Full disclosure: I have voted for Raila Odinga in every election since 2007, except during the October 2017 repeat election, which he asked his supporters to boycott, and which I obediently did.  I almost didn’t vote in the 2022 election because I had by then lost faith in him and in our electoral process – until Raila chose Martha Karua as his running mate. Then I voted not so much for Raila but for Martha because I believed she stood for the things I cared about, including social justice, a more equitable society, human rights and democratic values. I thought Karua would be a good antidote to the man-eat-man society we have created, where money, power and “survival of the wickedest” have become national values. I may have been too idealistic, but I did believe that the Raila-Martha duo would form the kind of team that could steer this country towards the right path.  

Unfortunately, we will never know if they would have been good elected leaders because they have never been declared the winner in any presidential election. They have also lost much of their clout as formidable opposition leaders. The opposition suffered a severe blow when Raila agreed to “The Handshake” with the then-President Uhuru Kenyatta. The 2018 rapprochement between the president and the leader of the opposition killed any viable form of resistance in Kenya, leaving the sitting Deputy President, William Ruto, competing against his boss in the 2022 election. As the Linda Katiba campaign led by Martha Karua and others stated, “Since the handshake, our democracy has been distorted and the role of the minority party (opposition) completely eroded. The opposition’s more government than the government.”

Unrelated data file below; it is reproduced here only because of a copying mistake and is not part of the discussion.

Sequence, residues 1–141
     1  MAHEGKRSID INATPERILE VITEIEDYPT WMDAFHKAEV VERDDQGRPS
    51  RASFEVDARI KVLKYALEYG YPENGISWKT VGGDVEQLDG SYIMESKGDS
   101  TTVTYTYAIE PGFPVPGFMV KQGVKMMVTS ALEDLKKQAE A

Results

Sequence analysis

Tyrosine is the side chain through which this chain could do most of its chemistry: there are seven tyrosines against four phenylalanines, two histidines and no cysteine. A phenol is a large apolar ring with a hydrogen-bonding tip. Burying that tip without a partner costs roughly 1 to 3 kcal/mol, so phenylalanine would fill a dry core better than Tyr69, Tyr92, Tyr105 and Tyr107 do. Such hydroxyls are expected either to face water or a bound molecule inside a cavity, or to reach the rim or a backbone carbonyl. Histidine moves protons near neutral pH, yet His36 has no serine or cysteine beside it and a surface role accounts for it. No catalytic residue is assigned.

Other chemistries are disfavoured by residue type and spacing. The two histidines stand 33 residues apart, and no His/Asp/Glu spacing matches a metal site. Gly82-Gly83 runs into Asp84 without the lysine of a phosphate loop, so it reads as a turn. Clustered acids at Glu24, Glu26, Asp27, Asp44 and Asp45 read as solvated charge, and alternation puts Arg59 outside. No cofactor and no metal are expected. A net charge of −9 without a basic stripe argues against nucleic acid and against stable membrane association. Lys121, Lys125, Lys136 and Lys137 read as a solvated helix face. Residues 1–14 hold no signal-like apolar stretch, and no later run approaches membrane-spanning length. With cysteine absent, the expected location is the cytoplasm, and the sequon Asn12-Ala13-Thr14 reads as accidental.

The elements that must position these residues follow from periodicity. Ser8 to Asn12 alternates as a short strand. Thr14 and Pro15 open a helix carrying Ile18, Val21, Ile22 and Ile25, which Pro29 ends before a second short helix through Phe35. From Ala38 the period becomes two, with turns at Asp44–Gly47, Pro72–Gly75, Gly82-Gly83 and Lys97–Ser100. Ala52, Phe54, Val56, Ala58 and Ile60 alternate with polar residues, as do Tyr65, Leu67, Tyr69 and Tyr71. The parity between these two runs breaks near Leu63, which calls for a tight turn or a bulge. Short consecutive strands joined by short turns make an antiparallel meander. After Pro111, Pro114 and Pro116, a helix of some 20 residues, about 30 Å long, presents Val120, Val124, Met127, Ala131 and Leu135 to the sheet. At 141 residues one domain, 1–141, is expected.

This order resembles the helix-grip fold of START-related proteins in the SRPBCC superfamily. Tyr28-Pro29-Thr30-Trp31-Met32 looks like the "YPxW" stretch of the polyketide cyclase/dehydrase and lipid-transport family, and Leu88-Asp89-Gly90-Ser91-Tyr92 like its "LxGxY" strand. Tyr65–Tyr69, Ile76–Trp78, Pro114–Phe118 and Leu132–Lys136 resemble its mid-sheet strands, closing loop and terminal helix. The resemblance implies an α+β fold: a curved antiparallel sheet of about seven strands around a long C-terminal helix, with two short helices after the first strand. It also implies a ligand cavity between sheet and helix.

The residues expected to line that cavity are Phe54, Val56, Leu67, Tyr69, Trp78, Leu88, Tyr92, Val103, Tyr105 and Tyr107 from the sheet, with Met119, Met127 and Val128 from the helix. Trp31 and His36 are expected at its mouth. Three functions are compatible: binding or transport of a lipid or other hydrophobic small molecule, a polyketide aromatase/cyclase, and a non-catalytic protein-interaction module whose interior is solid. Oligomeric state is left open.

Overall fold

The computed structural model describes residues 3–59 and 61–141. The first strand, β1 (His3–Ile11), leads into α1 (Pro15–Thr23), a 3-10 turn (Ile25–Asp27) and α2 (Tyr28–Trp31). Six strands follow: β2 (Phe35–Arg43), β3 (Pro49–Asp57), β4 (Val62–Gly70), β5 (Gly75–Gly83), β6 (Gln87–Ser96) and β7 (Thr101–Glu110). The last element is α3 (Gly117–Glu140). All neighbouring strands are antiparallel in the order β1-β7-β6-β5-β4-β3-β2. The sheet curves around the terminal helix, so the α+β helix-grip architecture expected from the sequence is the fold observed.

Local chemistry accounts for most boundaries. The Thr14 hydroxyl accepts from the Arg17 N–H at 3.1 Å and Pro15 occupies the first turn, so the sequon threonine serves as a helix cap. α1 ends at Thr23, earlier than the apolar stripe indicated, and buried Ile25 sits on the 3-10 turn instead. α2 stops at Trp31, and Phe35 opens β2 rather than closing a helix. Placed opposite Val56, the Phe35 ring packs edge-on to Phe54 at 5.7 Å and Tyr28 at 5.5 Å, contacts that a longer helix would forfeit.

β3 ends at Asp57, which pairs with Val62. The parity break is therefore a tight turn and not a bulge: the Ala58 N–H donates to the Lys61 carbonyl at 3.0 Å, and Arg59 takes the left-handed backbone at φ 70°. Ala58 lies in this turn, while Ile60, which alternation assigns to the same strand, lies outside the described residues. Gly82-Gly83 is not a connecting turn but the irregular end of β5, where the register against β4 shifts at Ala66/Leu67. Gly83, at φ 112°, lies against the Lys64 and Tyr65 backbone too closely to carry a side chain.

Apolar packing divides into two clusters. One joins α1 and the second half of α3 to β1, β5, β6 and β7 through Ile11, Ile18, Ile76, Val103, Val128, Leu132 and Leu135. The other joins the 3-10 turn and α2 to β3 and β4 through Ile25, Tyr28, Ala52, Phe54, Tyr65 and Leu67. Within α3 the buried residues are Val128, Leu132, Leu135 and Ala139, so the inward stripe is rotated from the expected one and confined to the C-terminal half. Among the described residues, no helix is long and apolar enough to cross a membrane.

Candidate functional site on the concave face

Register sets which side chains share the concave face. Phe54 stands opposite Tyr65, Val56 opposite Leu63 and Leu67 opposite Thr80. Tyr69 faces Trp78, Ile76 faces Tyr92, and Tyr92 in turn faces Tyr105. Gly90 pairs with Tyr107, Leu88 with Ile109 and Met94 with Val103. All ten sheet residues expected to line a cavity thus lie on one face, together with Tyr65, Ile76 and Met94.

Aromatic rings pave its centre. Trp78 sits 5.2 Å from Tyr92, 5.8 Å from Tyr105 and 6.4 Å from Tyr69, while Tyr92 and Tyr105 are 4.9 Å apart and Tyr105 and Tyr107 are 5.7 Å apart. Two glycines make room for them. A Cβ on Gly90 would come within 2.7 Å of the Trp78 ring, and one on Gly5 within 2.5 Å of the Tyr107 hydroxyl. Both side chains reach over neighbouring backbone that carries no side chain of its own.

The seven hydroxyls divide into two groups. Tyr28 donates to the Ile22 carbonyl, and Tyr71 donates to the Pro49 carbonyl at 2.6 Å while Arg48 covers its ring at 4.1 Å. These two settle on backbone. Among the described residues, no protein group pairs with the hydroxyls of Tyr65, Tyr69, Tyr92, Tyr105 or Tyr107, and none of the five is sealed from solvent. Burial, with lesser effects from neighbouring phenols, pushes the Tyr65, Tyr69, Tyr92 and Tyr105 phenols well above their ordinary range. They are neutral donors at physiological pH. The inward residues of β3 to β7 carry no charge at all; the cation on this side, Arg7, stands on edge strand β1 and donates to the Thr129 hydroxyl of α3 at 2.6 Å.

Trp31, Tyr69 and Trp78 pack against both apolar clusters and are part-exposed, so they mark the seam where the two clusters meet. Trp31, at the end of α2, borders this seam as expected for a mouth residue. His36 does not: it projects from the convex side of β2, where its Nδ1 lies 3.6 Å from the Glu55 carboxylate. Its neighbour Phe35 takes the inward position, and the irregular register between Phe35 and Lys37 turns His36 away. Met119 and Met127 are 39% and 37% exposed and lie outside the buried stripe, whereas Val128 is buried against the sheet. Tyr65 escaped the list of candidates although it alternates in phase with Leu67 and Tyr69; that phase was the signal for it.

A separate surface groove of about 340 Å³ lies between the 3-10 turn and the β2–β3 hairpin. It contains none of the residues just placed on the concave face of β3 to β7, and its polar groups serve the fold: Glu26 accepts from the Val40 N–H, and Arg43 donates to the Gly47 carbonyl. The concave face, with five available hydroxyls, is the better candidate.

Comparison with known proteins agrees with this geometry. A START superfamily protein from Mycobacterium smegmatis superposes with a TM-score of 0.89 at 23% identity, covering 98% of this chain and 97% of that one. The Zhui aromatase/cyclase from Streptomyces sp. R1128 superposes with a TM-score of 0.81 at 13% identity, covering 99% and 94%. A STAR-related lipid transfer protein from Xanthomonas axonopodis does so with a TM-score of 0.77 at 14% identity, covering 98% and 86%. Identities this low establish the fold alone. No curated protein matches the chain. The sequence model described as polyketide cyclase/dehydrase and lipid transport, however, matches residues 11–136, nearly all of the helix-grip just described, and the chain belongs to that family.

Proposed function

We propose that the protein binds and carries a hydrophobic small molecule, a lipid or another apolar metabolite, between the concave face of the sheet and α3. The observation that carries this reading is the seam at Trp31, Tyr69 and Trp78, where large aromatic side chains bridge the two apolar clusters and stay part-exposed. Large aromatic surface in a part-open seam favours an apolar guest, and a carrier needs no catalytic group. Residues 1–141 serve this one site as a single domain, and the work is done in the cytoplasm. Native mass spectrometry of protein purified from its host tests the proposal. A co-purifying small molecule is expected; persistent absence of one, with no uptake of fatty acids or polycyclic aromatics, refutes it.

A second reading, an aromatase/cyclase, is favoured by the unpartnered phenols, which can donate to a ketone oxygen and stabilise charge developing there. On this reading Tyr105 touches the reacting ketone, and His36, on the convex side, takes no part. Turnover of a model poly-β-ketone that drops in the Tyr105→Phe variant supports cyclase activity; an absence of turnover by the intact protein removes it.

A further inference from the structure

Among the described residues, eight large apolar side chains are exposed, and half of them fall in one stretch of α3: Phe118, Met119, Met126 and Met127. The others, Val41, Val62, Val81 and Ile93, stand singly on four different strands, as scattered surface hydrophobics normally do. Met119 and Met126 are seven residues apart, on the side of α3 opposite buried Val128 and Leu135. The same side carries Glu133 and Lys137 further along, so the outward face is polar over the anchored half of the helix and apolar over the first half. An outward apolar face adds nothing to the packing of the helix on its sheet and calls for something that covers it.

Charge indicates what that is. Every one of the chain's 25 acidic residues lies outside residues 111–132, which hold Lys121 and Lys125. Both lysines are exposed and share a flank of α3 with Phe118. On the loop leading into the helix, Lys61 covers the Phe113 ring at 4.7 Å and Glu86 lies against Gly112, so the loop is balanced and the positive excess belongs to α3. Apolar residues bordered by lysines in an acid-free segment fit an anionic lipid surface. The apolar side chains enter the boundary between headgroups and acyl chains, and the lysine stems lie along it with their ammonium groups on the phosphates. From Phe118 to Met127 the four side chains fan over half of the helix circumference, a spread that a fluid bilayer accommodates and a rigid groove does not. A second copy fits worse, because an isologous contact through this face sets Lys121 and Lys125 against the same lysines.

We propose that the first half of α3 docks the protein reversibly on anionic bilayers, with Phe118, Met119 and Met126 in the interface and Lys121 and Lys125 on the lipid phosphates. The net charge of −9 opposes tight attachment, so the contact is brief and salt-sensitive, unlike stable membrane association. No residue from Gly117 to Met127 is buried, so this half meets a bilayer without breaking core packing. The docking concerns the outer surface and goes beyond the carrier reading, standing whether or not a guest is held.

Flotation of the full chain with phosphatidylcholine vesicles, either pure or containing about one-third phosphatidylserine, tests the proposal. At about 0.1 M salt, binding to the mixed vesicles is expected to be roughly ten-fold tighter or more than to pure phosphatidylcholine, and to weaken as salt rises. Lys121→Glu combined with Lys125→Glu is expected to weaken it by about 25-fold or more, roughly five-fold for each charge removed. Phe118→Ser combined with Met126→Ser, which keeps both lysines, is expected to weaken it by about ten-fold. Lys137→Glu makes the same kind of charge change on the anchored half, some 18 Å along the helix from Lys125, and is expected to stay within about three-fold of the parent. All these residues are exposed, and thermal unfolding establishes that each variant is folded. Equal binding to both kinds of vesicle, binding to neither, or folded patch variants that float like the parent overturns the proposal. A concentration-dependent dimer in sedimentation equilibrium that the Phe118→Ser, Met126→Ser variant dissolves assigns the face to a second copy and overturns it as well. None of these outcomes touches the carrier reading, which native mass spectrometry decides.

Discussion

Why was this dangerous for a fragile democracy like ours? 

Well, because in any healthy democracy, the role of the opposition is critical to keep the ruling party in check. Without opposition, we become a de facto one-party state, as we were in the pre-1991 Daniel Arap Moi days. And, as those who came of age in that period will tell you, there is no such thing as a one-party democracy – such systems of governance are known as dictatorships. Now Raila finds himself in a situation where even his die-hard supporters are being lured into the ruling party – because in this country, people do not join or leave political parties for ideological reasons but to consolidate their own wealth and power. 

My suggestion to Raila and Martha is that instead of challenging yet another election result, they should strengthen and consolidate the little opposition there is left in the country. And by opposition I don’t necessarily mean political parties or politicians; I mean the kind of opposition made up of civil society activists and ordinary people who challenged the Moi regime in the 1980s and 1990s, and the millions who voted for a progressive new constitution during the Mwai Kibaki era that empowered the Kenyan people and gave birth to new independent institutions.  

Currently, both our so-called independent institutions and the Constitution are under threat. A creeping authoritarianism bolstered by ultra-conservative elements both within and outside government could derail Kenyans’ struggle for a democratic and inclusive society, as envisioned by the 2010 Constitution. Self-censorship is already becoming evident in the mainstream media, as it was in the Moi and Uhuru eras. This is a disturbing indicator of where we are heading.